“Traditional archery gear should be a thing of the past. We have access to crossbows and compounds now that are much more reliable and accurate.”
This particular comment on an Instagram post caught my attention. The comment wasn’t directed at me, but as a traditional bowhunter, I sure felt like it was.
I have had this same point of view foisted upon me before, and I’m still always surprised to discover how many other hunters feel that way. But not me. As I see it, traditional archery is as ethical as any other type of hunting. And maybe more so, in some ways.
As a kid, I would occasionally get very frustrated when I wasn’t shooting my bow as well as I wanted. Of course, I would blame it on my equipment. Each time, my dad would remind me it’s the archer, not the bow, that truly matters. This has always stuck with me, and I apply it to any type of hunting: rifle, shotgun compound, crossbow, recurve. For all of these methods, the deciding factor of whether or not a piece of hunting equipment is ethical, all depends on the hunter shooting it. It’s really that simple.
You can take the best rifle money can buy, stick a high dollar scope on it, and still have someone choose to make an unethical shot. You can take a longbow with no sights and no shooting aids—just a simple stick and string—and make a perfect, ethical shot. The outcome depends on who’s behind that bow, how much work they’ve put in to become efficient, and what kind of decisions they make when it comes to taking a shot.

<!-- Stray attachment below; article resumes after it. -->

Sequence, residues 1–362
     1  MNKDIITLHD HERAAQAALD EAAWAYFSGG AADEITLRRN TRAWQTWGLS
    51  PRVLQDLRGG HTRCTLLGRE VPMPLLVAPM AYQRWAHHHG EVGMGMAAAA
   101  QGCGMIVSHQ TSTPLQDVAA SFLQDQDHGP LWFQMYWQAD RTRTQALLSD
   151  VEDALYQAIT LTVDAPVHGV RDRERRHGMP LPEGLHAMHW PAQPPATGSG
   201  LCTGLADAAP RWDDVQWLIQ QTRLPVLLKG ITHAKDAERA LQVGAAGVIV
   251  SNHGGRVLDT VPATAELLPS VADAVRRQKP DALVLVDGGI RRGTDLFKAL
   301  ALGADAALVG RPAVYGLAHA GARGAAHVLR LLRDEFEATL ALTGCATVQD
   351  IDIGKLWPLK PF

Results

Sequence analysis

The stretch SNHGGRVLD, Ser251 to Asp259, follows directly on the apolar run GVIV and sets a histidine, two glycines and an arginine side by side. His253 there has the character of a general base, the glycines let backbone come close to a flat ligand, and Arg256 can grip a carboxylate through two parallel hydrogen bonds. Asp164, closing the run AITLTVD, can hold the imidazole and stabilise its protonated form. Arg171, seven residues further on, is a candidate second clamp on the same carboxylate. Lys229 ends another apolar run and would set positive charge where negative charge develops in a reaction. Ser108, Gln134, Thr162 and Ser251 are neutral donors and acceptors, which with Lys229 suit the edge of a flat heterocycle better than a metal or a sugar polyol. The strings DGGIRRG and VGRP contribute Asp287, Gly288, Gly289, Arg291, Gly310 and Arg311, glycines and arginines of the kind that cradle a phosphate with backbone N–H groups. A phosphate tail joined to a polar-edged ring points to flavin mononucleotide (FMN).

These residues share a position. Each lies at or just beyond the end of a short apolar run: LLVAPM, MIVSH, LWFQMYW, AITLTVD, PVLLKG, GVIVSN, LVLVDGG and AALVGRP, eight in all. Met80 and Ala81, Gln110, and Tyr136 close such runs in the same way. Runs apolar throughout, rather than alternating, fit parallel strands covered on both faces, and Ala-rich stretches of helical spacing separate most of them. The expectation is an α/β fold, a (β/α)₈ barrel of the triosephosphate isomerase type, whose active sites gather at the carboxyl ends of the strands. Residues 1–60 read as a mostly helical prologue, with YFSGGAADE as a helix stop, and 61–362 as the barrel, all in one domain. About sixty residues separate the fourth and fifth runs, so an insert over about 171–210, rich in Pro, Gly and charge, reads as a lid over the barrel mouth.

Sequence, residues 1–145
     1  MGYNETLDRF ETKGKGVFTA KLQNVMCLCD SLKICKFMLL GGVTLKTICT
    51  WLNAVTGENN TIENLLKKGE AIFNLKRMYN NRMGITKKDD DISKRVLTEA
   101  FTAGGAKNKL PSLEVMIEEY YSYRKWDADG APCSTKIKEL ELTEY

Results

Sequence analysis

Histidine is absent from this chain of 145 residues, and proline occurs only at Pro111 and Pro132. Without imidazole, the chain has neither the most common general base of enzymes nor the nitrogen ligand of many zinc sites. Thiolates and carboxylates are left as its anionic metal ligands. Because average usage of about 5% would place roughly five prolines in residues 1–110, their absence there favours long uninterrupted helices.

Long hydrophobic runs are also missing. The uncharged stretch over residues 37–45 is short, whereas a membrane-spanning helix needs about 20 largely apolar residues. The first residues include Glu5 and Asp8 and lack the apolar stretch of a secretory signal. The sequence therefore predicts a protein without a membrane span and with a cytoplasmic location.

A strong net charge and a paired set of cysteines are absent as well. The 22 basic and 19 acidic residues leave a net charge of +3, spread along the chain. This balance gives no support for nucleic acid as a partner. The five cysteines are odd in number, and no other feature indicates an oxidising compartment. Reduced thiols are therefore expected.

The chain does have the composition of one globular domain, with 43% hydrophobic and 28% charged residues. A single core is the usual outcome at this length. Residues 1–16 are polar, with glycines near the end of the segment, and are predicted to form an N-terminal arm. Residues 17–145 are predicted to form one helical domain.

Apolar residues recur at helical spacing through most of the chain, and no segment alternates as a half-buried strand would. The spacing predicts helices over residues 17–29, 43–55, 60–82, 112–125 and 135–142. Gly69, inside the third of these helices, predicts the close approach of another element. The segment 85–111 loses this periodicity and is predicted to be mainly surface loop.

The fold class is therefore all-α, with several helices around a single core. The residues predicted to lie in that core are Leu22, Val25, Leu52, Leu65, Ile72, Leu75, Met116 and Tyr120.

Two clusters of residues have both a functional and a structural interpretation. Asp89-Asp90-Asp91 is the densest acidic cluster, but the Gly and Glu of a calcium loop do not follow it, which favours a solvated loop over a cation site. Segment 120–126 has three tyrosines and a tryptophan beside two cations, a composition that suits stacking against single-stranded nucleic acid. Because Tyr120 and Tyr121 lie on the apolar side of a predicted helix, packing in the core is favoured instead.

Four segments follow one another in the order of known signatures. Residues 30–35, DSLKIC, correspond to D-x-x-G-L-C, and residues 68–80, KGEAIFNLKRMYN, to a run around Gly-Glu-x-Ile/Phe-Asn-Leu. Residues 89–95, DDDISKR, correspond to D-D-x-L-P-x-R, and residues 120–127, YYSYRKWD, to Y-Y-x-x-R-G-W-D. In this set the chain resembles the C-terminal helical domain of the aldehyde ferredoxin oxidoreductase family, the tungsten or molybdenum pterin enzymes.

Bowhunting with a traditional bow is hard. In order to be successful with a traditional bow, you have to practice. You have to practice a lot. You won’t be taking shots at distance, you’ll be taking shots that are generally just 20 yards away, or 15, or 10.
Many people give up on shooting traditional before they even get a chance to hunt, as you need to wholeheartedly put your time in. Traditional bowhunters put in more time than anyone I know, and we take pride in that. While compound or crossbow hunters may only shoot their bow a few times before bow season starts, hunters shooting a traditional bow will practice year-round. When I was growing up, my dad wouldn’t let me, or my siblings, go bowhunting in the fall unless we were practicing every week throughout the year. That’s something I think every hunter should consider.
As hunters, we need to try to be the best that we can be. We need to set an example for non-hunters and for the future generation of hunters. This means practicing with whatever legal equipment we choose, and making smart, ethical decisions about each shot. Your equipment can’t make these decisions for you: you always have the choice of whether or not to take the shot. It’s not your rifle, and it’s not your trad bow. You are the deciding factor about whether or not you’re an ethical hunter.